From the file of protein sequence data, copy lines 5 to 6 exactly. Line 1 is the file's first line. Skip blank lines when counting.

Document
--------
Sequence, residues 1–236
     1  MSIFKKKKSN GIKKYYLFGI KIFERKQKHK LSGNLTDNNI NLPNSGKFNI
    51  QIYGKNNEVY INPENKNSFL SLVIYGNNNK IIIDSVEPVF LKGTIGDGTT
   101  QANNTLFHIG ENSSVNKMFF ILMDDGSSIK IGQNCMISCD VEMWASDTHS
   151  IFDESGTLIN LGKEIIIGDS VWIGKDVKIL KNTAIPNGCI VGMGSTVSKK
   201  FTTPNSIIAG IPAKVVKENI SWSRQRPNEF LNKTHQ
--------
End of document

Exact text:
   151  IFDESGTLIN LGKEIIIGDS VWIGKDVKIL KNTAIPNGCI VGMGSTVSKK
   201  FTTPNSIIAG IPAKVVKENI SWSRQRPNEF LNKTHQ